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Crazy Credits

Near the end of the credits, just so there are no doubts: Catherine Zeta-Jones' singing and dancing performed by Catherine Zeta-Jones Renée Zellweger's singing and dancing performed by Renée Zellweger Richard Gere's singing and dancing performed by Richard Gere See more »

Connections

Referenced in Schmo Boat (2015) See more »

Soundtracks

Cell Block Tango
(1975)
Music by John Kander
Lyrics by Fred Ebb
Performed by Catherine Zeta-Jones, Susan Misner, Denise Faye, Deidre Goodwin, Ekaterina Chtchelkanova, and Mya (as Mýa Harrison)
Published by Unichappell Music, Inc. (BMI)
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Frequently Asked Questions

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User Reviews

 
Entertainment with an edge
26 February 2005 | by (United States) – See all my reviews

(Note: Over 500 of my movie reviews are now available in my book "Cut to the Chaise Lounge or I Can't Believe I Swallowed the Remote!" Get it at Amazon.)

This is a musical in the tradition of musicals that are entertaining and easy to digest, and yet some hours later leave one with some apprehension. Is it really the intent of the story to celebrate getting away with murder? Or is this movie a statement about how murder by women in emotionally trying circumstances can be justified? Or perhaps is this an indictment of the criminal justice system? Or is this just a spicy entertainment? I'll opt for the latter; however I can tell you that women will find this more agreeable than their spouses. There is a kind of historically revisionist feeling to the sentiments expressed. I seriously doubt that this production, in which murder from jealousy is seemingly justified, would have been produced as a musical comedy before the modern era.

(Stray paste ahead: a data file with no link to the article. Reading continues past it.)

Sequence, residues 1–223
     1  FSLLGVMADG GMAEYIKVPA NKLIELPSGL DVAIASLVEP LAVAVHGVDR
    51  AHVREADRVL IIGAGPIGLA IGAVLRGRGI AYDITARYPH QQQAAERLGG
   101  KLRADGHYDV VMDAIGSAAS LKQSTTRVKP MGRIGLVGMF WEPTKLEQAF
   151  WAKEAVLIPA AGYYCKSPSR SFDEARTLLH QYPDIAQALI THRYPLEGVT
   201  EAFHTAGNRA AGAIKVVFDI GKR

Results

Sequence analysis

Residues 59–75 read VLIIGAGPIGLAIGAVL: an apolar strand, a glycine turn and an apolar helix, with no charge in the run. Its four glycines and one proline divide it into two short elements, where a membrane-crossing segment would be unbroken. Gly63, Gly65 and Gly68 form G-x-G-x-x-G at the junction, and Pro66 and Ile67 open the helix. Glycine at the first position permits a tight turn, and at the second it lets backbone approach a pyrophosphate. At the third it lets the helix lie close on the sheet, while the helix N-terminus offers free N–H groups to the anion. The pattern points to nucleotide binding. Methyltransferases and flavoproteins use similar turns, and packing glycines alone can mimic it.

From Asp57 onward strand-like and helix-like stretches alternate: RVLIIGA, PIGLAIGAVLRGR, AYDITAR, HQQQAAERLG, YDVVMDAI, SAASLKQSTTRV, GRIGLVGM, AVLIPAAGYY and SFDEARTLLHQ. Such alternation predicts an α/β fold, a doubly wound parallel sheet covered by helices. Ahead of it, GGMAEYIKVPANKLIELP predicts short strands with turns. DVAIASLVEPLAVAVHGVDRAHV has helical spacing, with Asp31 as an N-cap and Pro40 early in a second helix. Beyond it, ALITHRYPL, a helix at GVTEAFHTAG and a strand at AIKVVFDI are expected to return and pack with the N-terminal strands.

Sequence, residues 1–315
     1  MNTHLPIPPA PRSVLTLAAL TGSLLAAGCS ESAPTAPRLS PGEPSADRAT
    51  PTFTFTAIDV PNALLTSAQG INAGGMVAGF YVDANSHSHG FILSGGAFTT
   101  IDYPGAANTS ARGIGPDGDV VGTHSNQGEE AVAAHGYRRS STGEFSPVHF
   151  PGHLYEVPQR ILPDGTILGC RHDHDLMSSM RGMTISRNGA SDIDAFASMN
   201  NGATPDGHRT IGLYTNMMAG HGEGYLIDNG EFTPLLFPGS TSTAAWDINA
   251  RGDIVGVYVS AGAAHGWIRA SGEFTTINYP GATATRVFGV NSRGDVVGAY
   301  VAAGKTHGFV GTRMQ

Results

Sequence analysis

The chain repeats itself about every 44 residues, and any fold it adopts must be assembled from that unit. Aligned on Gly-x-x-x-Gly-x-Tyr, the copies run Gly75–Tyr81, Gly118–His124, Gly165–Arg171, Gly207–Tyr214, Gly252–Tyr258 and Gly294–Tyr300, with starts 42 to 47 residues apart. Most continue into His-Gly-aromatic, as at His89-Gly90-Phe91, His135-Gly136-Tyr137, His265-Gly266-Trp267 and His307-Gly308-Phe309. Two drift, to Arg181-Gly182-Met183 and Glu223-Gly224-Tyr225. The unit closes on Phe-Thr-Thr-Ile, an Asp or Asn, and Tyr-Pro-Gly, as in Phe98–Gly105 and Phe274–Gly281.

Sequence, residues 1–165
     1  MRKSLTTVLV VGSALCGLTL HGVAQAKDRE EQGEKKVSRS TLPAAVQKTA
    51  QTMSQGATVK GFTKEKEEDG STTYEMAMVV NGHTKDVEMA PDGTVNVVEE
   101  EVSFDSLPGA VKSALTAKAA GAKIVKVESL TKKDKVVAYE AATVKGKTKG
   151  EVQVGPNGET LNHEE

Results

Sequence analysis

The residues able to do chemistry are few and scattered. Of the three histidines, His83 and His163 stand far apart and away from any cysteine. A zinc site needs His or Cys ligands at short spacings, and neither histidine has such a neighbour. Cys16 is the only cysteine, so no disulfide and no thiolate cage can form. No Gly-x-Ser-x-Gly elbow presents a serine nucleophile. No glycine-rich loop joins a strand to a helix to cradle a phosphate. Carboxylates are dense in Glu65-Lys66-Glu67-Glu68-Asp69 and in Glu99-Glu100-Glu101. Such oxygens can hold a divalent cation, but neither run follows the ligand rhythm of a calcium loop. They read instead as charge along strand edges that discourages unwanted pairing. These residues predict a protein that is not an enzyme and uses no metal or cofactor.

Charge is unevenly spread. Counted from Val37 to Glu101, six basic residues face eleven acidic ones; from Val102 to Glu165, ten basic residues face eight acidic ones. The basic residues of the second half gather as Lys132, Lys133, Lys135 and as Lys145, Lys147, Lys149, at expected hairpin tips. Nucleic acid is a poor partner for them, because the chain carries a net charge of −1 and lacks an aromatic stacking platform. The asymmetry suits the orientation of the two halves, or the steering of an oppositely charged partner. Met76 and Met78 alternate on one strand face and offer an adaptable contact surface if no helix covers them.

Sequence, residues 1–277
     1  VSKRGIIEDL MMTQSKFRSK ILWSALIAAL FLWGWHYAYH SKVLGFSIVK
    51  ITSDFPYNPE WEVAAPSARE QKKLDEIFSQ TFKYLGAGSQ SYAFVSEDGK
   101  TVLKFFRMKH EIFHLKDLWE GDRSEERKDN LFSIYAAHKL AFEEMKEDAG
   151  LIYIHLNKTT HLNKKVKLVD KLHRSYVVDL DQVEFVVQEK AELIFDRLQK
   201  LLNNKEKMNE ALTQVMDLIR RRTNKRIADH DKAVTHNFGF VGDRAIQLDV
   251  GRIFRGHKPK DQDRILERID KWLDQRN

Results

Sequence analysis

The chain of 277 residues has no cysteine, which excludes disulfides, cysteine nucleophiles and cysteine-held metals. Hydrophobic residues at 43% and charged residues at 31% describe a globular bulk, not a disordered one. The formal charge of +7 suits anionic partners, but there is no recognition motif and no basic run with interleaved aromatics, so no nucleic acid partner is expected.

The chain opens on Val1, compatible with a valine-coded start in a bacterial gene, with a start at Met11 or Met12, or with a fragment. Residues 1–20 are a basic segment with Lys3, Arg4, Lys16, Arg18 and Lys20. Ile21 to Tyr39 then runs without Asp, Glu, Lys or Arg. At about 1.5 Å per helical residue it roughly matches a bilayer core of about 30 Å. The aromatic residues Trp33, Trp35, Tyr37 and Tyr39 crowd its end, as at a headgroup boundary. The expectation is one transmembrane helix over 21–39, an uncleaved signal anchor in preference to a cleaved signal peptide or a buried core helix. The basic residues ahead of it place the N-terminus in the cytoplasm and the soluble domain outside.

But never mind. What makes Bob Fosse's Chicago a hit (and the Academy's Best Picture of 2002) are the beautifully staged and choreographed song and dance numbers, the spiffy direction and neat editing, a lot of leggy flesh along with some fine performances by Queen Latifah, Catherine Zeta-Jones and Renee Zellweger.

In particular I liked Queen Latifah's performance. When she comes on singing "When You're Good to Momma" she just about brings the house down. I also liked her portrayal of the savvy and corrupt Boss Lady on Murderess Row. Zeta-Jones got the Oscar for best Supporting Actress, and she was good, but I think Latifah, who was also nominated, was just as impressive if not more so.

Zellweger, looking almost anorectic compared to the last time I saw her in Bridget Jones's Diary (2001)--released only the year before--gives a solid performance in a very demanding role, although to be honest, it appeared that she was doing a lot of lipsyncing. Still one is amazed at how good she and Zeta-Jones were at the old song and dance, not having been previous known for being twinkled-toed.

You might want to see this to compare how it stands up to a long line of filmland musicals, such as Oklahoma, South Pacific, Jesus Christ Superstar, The Phantom of the Opera, etc. Chicago certainly is well within the confines of that venerable traditional, although it is my feeling, that despite the Academy's favor, this is just a notch below the best.